The Shakespeare Conference: SHK 14.0819 Wednesday, 30 April 2003
From: Don Bloom <
Date: Tuesday, 29 Apr 2003 09:44:33 -0500
Subject: 14.0773 Re: A Dream of Hanoi
Comment: Re: SHK 14.0773 Re: A Dream of Hanoi
Since this unfortunate dog has gotten up and started across the street
again, let's run over it once more.
There strike me as two problems with the original statement (linking
Calvinism and capitalism in a causal relationship),.
In the first case, what is meant by "capitalism"? Strictly speaking, the
term means the investment of money in a business enterprise in exchange
for a share of any profits the business generates. It may also,
secondarily, refer to a form of gambling whereby one buys and sells
these shares as their value increases or decreases. But it doesn't
appear to have a great deal to do with the theology of John Calvin.
Now the term may be used in some quasi-marxian sense as more or less
equivalent to industrialism, and from that it may serve as a kind of
shorthand for the ethos of callous and greedy industrial plutocrats who
exploit helpless workers, pollute the environment, and congratulate
themselves in their luxurious clubs. Bounderby, for instance. Or those
fat, ugly gents in silk hats carrying bags of $$$. But this sense needs
to be made clear to people like me.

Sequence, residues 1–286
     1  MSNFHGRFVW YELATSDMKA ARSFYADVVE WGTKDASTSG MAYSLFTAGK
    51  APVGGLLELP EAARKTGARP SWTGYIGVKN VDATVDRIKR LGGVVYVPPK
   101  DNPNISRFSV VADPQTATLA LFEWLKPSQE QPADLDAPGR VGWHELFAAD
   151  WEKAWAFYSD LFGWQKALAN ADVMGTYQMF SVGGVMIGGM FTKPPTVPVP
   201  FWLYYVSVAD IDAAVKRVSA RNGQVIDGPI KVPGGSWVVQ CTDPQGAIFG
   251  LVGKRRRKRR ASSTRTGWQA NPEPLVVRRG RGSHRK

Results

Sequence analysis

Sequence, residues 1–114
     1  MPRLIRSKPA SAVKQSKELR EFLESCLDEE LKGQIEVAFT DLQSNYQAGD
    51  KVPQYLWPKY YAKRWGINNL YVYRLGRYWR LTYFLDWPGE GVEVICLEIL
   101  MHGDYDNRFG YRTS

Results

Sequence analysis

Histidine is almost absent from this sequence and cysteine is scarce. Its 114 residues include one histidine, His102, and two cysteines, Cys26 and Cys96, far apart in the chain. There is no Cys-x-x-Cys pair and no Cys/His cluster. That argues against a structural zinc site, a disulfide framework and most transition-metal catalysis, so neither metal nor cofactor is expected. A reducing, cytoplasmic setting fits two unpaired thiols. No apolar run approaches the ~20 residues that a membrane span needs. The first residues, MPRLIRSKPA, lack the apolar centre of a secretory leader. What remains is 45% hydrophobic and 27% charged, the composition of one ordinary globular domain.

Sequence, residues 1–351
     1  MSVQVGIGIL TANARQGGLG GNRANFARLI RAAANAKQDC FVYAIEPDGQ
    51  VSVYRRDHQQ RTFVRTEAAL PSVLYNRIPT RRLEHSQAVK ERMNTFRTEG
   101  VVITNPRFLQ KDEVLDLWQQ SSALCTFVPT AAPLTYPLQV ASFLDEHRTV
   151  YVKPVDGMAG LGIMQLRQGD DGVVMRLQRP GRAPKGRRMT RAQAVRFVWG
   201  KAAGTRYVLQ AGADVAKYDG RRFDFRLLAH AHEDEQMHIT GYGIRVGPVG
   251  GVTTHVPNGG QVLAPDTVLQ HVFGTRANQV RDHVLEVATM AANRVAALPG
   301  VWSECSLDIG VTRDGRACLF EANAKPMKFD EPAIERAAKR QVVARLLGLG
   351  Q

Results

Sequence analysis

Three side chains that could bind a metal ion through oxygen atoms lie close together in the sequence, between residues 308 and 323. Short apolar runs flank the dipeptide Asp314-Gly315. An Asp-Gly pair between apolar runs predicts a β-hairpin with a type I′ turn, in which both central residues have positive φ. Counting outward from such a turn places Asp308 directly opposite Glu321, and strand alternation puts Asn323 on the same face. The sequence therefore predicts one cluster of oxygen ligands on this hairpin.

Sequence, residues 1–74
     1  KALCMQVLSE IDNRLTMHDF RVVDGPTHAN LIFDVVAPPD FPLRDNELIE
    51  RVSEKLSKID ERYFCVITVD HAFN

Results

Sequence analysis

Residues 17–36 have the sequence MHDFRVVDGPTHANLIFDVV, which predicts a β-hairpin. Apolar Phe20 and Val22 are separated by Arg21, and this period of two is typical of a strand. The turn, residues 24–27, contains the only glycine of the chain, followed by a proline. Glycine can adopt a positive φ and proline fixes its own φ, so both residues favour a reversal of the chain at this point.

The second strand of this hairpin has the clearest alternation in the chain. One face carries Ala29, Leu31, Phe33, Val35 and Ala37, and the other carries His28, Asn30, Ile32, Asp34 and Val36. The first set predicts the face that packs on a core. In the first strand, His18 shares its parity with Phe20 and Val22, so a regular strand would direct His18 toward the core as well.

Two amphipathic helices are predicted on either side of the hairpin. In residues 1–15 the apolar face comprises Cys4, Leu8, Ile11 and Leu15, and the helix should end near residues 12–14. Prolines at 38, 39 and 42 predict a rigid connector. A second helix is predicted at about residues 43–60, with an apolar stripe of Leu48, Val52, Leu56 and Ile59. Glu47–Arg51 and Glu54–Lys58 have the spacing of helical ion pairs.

In the second case, what is meant by "calvinism"? Presumably we mean the
interlocked theology, polity and liturgy written up by John Calvin in
the 16th Century. But to set these writings up as causal they cannot be
merely associated with something (such as capitalism), they must be
shown to have a unique relationship so that B couldn't have happened if
A had not, and we must be sure that both are not results of some other
The quotation offered
> > But if the disasters and miseries which press us happen
> > without the agency of men, let us call to mind the doctrine
> > of the Law, (Deu 28: 1) that all prosperity has its source
> > in the blessing of God, that all adversity is his curse.
> > (I, 17, ix)
though interesting, is scarcely definitive. Did the Roman, Lutheran and
Anglican churches interpret Deuteronomy 28 (which is certainly very
clear, if rather horrifying) differently? If not, and if (as I suspect
is the case) they had very much the same interpretation, and the same
attitude toward the wretched of the earth, then the quotation is
Also, where is this vast influence of Calvinism supposed to have come
from? The countries it dominated (Scotland, the Netherlands,
Switzerland) were hardly the major players in 18th and 19th century
European economics. They were not unimportant but also not major. The
Scots, as part of Great Britain, made a good deal of impact -- but that
was because they were linked to the much larger English economy. (And,
it could be argued, the Scottish influence came mainly from the least
You can say likewise that certain values that were highly prized by
people who belonged to Calvinistic denominations (such as, thrift, hard
work, and education) were also highly prized by those involved in the
industrial revolution. But those are fundamental bourgeois values and by
no means the exclusive property of Calvinists, so that the idea of
Calvinism "causing" these values and then "causing" the industrial
revolution (which we are apparently equating with the development of
capitalism) strikes me as completely unwarranted.
"The devil a Puritan that he is, or anything constantly but a
time-pleaser . . ."
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